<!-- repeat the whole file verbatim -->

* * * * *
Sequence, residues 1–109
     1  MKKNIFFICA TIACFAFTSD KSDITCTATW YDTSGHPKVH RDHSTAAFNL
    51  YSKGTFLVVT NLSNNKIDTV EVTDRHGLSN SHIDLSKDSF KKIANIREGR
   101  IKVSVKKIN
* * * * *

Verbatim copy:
Sequence, residues 1–109
     1  MKKNIFFICA TIACFAFTSD KSDITCTATW YDTSGHPKVH RDHSTAAFNL
    51  YSKGTFLVVT NLSNNKIDTV EVTDRHGLSN SHIDLSKDSF KKIANIREGR
   101  IKVSVKKIN